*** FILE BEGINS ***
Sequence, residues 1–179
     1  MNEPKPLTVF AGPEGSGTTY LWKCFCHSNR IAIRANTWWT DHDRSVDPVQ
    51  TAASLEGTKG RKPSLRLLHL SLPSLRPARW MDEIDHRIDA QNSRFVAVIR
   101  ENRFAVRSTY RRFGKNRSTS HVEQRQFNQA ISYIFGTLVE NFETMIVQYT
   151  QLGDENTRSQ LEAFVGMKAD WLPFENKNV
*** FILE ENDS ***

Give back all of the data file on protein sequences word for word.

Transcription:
Sequence, residues 1–179
     1  MNEPKPLTVF AGPEGSGTTY LWKCFCHSNR IAIRANTWWT DHDRSVDPVQ
    51  TAASLEGTKG RKPSLRLLHL SLPSLRPARW MDEIDHRIDA QNSRFVAVIR
   101  ENRFAVRSTY RRFGKNRSTS HVEQRQFNQA ISYIFGTLVE NFETMIVQYT
   151  QLGDENTRSQ LEAFVGMKAD WLPFENKNV